In our home that night a domino effect was created. One that parallels what we do with one another on a regular basis. Our house guest brought something to us possibly because he felt like that was the thing you do when you stay at someone’s home; that we would  think him a thoughtful person for bringing us something. Or maybe un-thoughtful if he didn’t. My husband and I took something we did not want because we felt obliged, wanting him to feel at home with us and included; believing the false gesture of taking something we did not want would pave the way for him to feel welcome.

While there is nothing wrong with offering appreciation to another through a gift, there is most certainly something amiss when we allow ourselves to be locked into habit patterns with one another that keep us from allying with the truth of our experience. Whatever that truth may be. Whether or not that truth is convenient, inconvenient, easy to say or hear, hard to say or hear. It takes tremendous clarity, conviction, and courage to stand in the truth of your experience when in the company of another who has expectations of you. Or who you believe has expectations of you.

Can you imagine, though, what might happen if we all took responsibility for our own experience while in the presence of another, and acted on that as thoughtfully and straightforwardly as we could? Could you imagine letting go of the social “niceties” that keep us pinned to the wrong things? Can you imagine how good it would feel to not have to fake your way through an interaction?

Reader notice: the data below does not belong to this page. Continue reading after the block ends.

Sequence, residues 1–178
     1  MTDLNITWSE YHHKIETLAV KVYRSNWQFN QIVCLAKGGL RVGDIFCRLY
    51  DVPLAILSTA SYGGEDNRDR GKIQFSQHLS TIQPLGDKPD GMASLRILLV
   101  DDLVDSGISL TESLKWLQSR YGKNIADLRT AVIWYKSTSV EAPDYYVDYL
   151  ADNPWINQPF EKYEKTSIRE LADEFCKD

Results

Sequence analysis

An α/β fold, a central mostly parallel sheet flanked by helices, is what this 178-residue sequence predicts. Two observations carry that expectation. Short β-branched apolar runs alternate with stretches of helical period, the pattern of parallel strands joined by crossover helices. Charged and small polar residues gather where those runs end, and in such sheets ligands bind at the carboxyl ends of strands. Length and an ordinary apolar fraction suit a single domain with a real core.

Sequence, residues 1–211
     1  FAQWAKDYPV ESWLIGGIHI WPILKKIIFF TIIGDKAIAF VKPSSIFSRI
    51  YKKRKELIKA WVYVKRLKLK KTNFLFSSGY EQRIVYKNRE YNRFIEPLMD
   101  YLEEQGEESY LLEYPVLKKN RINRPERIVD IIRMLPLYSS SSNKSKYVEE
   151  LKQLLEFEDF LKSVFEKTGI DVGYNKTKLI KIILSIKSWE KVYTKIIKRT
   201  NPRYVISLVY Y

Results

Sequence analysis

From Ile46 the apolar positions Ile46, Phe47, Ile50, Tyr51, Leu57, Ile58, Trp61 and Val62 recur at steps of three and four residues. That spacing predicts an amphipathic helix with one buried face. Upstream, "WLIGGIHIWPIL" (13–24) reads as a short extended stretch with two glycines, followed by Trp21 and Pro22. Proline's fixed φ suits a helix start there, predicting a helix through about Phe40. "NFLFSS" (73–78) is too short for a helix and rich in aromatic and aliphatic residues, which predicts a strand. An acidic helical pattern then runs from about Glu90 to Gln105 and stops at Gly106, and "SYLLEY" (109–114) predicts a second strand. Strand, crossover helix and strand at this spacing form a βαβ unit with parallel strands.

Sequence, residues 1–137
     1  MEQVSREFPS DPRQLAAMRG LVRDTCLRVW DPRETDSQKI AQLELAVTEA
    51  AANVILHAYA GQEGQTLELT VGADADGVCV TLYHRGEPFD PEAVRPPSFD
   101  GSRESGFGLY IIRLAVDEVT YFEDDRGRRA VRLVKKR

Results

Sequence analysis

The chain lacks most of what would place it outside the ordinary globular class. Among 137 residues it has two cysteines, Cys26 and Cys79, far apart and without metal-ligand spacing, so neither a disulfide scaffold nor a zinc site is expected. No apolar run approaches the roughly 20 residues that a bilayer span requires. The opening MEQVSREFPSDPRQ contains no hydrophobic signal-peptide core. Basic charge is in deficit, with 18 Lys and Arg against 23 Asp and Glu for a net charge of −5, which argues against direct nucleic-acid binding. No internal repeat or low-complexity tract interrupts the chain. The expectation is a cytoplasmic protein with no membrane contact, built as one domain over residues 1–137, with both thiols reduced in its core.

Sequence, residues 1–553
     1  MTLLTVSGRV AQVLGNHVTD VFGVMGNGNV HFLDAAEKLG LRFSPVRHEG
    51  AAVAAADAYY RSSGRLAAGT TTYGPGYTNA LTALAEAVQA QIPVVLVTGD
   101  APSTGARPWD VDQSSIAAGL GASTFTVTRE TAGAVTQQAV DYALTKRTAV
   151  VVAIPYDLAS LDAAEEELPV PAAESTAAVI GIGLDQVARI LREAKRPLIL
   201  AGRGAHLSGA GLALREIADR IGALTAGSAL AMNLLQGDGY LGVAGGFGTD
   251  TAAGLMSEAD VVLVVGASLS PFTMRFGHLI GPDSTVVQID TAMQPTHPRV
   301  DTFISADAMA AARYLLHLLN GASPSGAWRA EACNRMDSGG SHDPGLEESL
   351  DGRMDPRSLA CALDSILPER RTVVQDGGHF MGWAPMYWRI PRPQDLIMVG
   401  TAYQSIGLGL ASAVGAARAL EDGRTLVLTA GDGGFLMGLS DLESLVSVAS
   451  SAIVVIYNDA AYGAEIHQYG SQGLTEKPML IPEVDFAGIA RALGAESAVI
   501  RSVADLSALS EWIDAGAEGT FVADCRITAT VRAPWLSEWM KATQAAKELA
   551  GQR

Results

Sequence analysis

And when we get hung up on how relating in this way is not possible for one reason or another, can we remember that, maybe, just maybe, we would all be doing one another a huge favor. That maybe over time, we would all let out a collective sigh of relief around the fact that we that we no longer had to act in ways that left us feeling “hungover” with one another.

We Belong To Each Other


I have been teaching at the college level for more than a decade. It has been an incredibly rewarding experience for me on so many levels. And yet, I am back wondering again, as I have been over the past couple of years, just how long I will continue in this role given the accelerating changes I am seeing in the students who are showing up before me.